7. #7
    Just a couple of thoughts

    1. the current generation dye-based inks from Epson, Canon and HP all claim long life as long as you don't have it in bright sunlight, and do print onto their premium papers - typically swellable polymer papers.

    2 Dye-based generally produces more vibrant (and glossy) results, with the downside of the fading risk (noting also point 1)

    3. Dye-based not so flash if you want to print on art papers or print b&w a lot

    The Epson 1410 is well worth a look if you're going to go Epson again, and it's A3 oversize (yum!).

    Regards,
    Calx
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    Calx
    Just from a point of interest (as I'm unlikely the purchase a 1410 after just spending $800 on the R1900), can the 1410 be used with pigment based inks or is it limited to the dye base only. As my family history images need to last as long as possible, I still preffer the pigments but have the dye stuff for the short term images on the wall.

  9. #9
    no, it's dye-based only, although I understand that some aftermarket suppliers claim pigment-based offerings but are a little suspect.

    If I had the $$ and could tolerate the de-clogging hassles that would occur with my occasional use of a pigment printer, I'd get an R1900 too.

    As for the longevity question, I've got traditional film photos from negs that were fading badly after 10 years of reasonable care, so I'm not about to have an anxiety attack over the academic difference in life between dye and pigment when the worst case scenario under similar care is likely to be double that. It's not like I'm in the business of creating archival prints... and my OCD isn't that bad - yet.

    Regards,
    Shane

  10. #10
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    With the R1900 whilst its still quite new (about 6 months old I think), Ive never had to do a head clean and I only get it out on the weekends - and once going almost 4 weeks without use.

    I still have my old Epson 830 which is used for day to day printing which can manage to clog after less than a day without use and waste half a catridge trying to clear it. That printer was never a good system for keeping the head clean but it did give reasonable prints just not as good as the local mini lab.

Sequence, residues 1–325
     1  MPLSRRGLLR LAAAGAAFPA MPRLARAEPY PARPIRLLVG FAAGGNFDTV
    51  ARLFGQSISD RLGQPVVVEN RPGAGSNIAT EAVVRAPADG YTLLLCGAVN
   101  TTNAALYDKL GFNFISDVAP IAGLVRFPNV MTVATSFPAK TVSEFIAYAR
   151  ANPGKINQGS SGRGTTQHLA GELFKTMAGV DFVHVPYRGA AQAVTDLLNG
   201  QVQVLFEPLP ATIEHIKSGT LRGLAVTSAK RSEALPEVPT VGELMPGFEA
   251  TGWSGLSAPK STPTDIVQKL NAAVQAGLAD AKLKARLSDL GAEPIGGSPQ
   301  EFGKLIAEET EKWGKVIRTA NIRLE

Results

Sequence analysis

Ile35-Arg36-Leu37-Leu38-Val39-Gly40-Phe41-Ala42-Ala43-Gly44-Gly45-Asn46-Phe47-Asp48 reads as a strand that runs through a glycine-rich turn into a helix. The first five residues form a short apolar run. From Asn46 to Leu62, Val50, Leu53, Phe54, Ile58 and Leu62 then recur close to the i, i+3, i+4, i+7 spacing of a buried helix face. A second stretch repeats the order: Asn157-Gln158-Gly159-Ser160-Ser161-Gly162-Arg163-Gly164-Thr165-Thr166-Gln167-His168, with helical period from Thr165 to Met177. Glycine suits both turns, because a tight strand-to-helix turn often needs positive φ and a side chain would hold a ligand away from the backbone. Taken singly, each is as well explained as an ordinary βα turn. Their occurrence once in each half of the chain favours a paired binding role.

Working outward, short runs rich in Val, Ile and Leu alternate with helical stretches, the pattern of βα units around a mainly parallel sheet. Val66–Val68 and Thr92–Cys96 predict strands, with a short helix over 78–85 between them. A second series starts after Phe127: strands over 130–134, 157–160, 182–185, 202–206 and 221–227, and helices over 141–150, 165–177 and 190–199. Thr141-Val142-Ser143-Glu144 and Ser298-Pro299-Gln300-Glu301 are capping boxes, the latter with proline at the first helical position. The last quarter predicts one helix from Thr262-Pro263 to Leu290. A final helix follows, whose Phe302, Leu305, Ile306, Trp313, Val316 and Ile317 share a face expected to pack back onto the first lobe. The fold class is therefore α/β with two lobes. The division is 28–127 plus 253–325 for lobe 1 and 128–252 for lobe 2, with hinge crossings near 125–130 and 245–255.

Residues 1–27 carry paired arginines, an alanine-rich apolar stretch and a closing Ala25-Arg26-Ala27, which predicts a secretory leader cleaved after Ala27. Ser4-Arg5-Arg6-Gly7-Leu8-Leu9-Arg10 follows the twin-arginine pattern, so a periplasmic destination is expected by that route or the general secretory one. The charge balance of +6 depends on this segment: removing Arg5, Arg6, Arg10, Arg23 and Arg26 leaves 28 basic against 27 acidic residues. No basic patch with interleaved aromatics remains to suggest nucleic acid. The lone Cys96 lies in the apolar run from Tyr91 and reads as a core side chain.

My want for long lasting prints has more to do with having family prints going back to the turn of the century (1895) and a desire that my additions to the family history will last as long as my ancestors work than it has with my alzimers. Although the memory is getting a bit sketchy of stuff that happened a while back.

  11. #11
    I recently updated our 6yr old canon printer. The photos were starting to look real crappy but was still ok for document printing. I ended up getting an Epson Photo RX610, The photo print quality is fab, downside ink quite expensive but you only replace what needs replacing, (has 6 tanks) you can buy 2 sized ink tanks one just holds more ink, less photo prints/ more prints.
    That being said I have found this online place that sells the inks and they are cheaper by far and once my order was placed I had it before the week was out.
    Really happy with my purchase.

    http://www.cartridgesdirect.com.au/c...ct_list&c=1829

    Good luck with your decision
    Cheers Debra
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  12. #12
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    Quote Originally Posted by Seven View Post
    I'm glad to here epson is still a winner and is the paper for epson still the best to use
    Yeah. The constant message from Wilhelm Research is that genuine papers and inks work best - regardless of brand.

    Unless there's no need to worry about qaulity/lasting qualities, the the good stuff is the only way to go.

    Regards